Fresh Blood.

Chapter Four: Birth Of A Star

The tall, willowy girl in her early twenties knitted her brow into a petulant frown, banging her fist down on the big hard-wood desk with a noise intended to gain attention. “Are you listening to me? Daddy!”
The grey haired business-man glanced up finally from his paperwork, favouring his only child with a faint smile and setting the paperwork aside.
“What is it, sweetheart?” he asked, his mind still clearly not entirely on the conversation. “What’s wrong?”
“Daddy, I’m bored!” The girl, twenty three year old Phyllis Gabor threw herself down in one of the leather chairs that surrounded her father’s desk, offering another scowl. “I want to do things, not be stuck here in this boring office all day!”
“Well, then, why don’t you go out and enjoy yourself?” Her father, successful businessman and billionaire, Harvey Gabor asked her, a note of irritation in his voice. “Phyllis, sweetheart, I have a lot to do and it isn’t going to get done if you’re here watching over me. Go and do something else, but stop interrupting me.”
“But Daddy…I need money!” Phyllis turned her gaze on her father, her tone becoming beseeching. “Pleeease, Daddy?”
“Here.” Harvey pulled a box from his desk which contained in petty cash enough money to pay the electricity bill of a regular house for a month and counted out several notes, handing them over to his daughter. “Now, get out of my hair, will you? I didn’t bring you along to have you spend the whole time complaining!”
“Thank you, Daddy!” Phyllis kissed her father on the forehead, pocketing the money and leaving the office. Very rare was the occasion when Phyllis Gabor did not get what she wanted from her father.
That was, except love.
Her mother had left them when she had been a small child, and it had damaged the family structure irrevocably. Phyllis had lost her trust in the world and Harvey, not knowing how to handle his wilful daughter had pulled away, furnishing her with all the material objects that she might need but not giving her the affection and love which would have made her a well-rounded human being. As a result Phyllis’ only understanding of the world was in the material sense, and generally a wad of cash from her father was enough to keep her happy. Not that she didn’t love her father – somewhere beneath that spoiled exterior she did. But those ties had become less important to her over the years. Her father was now principally her source of money, and that was all.
It did not help matters that the interests of the two had always diversified from each other. Harvey’s only interest was business, and for many years he had fondly hoped to see his only child follow him into his empire. But Phyllis had had other ideas. She had always dreamed of being a star – fame and adoration were the things she craved, to make up for the lack of affection in her life so far, though even she herself did not realise the reasons behind her desires. She had nurtured the desire to sing – to be a success, and to have the world chant her name.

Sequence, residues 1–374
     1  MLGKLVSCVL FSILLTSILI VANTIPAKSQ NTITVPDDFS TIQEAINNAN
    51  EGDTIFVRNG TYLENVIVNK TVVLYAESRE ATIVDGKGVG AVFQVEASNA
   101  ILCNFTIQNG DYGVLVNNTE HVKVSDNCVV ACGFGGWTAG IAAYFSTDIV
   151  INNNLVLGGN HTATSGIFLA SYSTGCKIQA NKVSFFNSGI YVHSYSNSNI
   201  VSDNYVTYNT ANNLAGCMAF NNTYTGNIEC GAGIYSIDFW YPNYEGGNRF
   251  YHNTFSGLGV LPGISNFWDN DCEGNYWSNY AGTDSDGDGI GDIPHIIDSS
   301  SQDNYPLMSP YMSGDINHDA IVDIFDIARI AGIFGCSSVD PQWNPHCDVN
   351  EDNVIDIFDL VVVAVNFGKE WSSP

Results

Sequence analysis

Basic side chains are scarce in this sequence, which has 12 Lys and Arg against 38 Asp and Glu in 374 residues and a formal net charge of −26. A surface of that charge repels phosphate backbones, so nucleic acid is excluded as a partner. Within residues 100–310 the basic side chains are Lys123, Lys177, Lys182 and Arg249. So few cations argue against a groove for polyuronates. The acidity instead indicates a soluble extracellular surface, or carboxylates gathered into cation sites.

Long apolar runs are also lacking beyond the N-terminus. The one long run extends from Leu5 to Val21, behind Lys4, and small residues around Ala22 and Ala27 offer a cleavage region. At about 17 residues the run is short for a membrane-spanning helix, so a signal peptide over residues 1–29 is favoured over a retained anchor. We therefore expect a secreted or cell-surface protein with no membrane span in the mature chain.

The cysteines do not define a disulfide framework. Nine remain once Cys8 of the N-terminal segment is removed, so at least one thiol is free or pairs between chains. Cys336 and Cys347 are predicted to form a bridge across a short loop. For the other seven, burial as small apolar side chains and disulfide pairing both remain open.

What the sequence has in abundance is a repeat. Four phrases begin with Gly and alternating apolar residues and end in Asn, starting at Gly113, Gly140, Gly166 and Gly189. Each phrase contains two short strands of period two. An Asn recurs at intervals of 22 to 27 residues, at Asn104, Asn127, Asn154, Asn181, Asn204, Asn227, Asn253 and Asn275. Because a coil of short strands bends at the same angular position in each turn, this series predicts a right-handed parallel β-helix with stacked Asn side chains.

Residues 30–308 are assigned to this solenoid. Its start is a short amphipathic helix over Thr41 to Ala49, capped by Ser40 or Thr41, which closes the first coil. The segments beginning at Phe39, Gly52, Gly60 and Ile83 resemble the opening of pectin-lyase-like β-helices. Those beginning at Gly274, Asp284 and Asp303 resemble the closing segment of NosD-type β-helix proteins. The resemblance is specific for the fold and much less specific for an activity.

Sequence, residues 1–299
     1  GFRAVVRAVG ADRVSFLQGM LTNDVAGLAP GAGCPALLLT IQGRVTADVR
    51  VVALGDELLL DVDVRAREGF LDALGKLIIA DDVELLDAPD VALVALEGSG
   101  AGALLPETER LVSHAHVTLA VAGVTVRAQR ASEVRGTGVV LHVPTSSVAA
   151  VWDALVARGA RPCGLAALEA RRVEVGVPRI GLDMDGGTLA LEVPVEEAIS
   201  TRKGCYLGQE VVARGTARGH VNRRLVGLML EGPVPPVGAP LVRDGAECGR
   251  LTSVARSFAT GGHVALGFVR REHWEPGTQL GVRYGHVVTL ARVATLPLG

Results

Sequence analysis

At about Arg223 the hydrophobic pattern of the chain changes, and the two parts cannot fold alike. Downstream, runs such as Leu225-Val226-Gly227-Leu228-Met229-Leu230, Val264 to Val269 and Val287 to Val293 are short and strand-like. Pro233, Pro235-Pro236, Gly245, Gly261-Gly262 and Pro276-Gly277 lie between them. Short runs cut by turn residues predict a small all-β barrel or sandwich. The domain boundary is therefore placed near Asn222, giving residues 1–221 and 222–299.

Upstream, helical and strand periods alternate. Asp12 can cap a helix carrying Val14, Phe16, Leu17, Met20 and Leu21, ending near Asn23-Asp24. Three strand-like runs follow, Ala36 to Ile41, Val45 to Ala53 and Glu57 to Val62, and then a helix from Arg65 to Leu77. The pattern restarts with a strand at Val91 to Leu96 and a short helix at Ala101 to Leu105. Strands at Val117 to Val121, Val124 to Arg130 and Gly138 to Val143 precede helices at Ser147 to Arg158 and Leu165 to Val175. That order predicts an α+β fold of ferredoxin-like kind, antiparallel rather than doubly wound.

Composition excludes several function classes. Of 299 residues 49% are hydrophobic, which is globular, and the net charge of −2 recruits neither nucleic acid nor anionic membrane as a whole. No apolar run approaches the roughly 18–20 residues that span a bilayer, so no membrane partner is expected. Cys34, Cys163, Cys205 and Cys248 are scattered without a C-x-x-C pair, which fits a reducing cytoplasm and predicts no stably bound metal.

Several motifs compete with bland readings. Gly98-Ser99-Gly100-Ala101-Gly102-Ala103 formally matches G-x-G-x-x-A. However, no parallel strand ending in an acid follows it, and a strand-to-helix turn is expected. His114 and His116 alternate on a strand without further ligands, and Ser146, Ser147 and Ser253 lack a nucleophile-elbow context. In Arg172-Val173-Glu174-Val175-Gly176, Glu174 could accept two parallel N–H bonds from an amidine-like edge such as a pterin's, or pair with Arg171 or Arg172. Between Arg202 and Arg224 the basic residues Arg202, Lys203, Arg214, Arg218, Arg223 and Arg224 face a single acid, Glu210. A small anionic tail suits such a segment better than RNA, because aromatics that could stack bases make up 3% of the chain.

That was why she had come to Los Angeles in the first place. Born in San Diego, Phyllis was not averse to travel, for her father had estates all over the world, but California was still home to her.
And California had something that had been her objective all along…Starlight Music.
Phyllis was under no illusions about executives of big music companies. She trusted them about as much as she trusted most of her father’s advisers, and knew that the way to many of their hearts was with a large wallet full of cash. She had heard through one of Harvey’s contacts that the new manager of Starlight Music, Eric Raymond was looking for new talent, and even more, she had learnt that he was not averse to a bribe. So, when Harvey had told her he was going to Los Angeles to finalise a business deal she had leapt at the chance to come too.
Three days was not long, but long enough to secure a recording contract, after all.
Phyllis smiled. She could see it now…she would be a hit, a real hit. How could she fail? She was a Gabor – and the family name oozed success from every pore.
“By tonight I’ll have everything just as I want it.” She mused to herself as she summoned one of her father’s big black cars and slipped into the back, too much engrossed in her thoughts even to hackle the driver. “The world had better watch out…Phyllis Gabor is coming through!”

 * * * * * * * * * * *
“Are you sure about this, Roxy?”
Mary glanced at the outfit on the hanger, then back at her houseguest. “I…I don’t think fishnet is…well…me.”
“Oh come on, live a little.” Roxy smirked. “You gonna wimp out on me?”
“No…” Mary glanced at the outfit once more. She was beginning to regret agreeing to come shopping with her new housemate – Roxy’s taste in things was decidedly wilder than her own, and she was finding herself in over her head. Her doubts had begun when Roxy had insisted on doing her make-up ‘less wimpish’ for her, and she had been adorned with red slashes on one cheek and a lightning bolt of the same shade on the other. Then she had been dragged into the wildest store in town and coerced into trying on some of the less demure outfits that were sold there.
For her part, Roxy was having a good time. For some reason she could not explain, she had developed a tiny fondness for the girl who had played good Samaritan to her, but for the life of her she could not deal with Mary’s shy and retiring nature. She was ‘soft’, and that had to change – Roxy was too conscious of her own image to allow herself to be seen about with someone that prissy. Back in Philly she had had a reputation for being tough as anything – if any of her associates back then had seen her with Mary Phillips they would never have taken her seriously again.